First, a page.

Percocet, weed, razor blades found in NYC juvenile jail ceiling vent, records show

Percocet, weed, razor blades and a screwdriver were among the items that turned up in a contraband search of a ceiling vent inside a Brooklyn juvenile jail, according to staff records obtained by Gothamist.

Staff at Crossroads Juvenile Detention Center in Brownsville noticed a radiator in someone’s room was detached and submitted a work order for repair, according to an incident report summarizing the contraband and naming the residents and staffers involved.

On July 8, workers found three Target bags containing contraband inside the vent. Other items in the bags included tobacco leaf, tools used for processing cannabis, rolling paper and long, sharp metal objects wrapped in black tape, per the records, which were shared by a current staffer at the center.

The city’s Administration for Children’s Services, which runs the juvenile jails, said in a statement that it was investigating the source of the contraband.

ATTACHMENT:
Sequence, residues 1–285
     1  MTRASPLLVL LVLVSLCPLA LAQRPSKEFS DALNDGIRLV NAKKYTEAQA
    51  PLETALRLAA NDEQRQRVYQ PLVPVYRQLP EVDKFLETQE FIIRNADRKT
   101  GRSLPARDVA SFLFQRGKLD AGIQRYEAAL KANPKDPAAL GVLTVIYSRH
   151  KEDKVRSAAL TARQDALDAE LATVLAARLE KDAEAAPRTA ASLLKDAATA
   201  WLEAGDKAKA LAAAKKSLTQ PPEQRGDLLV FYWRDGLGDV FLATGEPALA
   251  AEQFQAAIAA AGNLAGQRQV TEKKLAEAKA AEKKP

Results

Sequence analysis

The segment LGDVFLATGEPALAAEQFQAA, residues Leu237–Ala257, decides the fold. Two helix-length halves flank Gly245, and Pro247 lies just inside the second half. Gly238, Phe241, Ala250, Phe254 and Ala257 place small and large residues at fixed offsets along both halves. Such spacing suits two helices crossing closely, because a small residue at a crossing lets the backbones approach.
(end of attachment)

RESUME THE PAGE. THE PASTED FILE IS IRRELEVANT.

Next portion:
“We are taking critical steps to find and eliminate all contraband, and this recovery was part of an ongoing robust effort to address contraband issues,” said ACS spokesperson Marisa Kaufman. “Any staff found to have brought contraband into our facilities will be disciplined to the highest extent possible.”

The city’s two juvenile jails — Crossroads Juvenile Center and Horizon Juvenile Detention Center in the South Bronx — house roughly 200 inmates between the ages of 12 and 21.

The discovery in the ceiling vent is not the first time that contraband has made its way into the facilities. Last year, Gothamist reported that staffers at all levels at the detention centers, including supervisors, had smuggled in drugs, alcohol, cash and razor blades. And last month, federal prosecutors charged five current and former staffers at the Brooklyn jail with bribery after they allegedly smuggled in contraband in exchange for tens of thousands of dollars in cash.

Earlier this year, a guard at the same Brownsville jail was arrested for smuggling in cellphones and SIM cards, police and prosecutors said.

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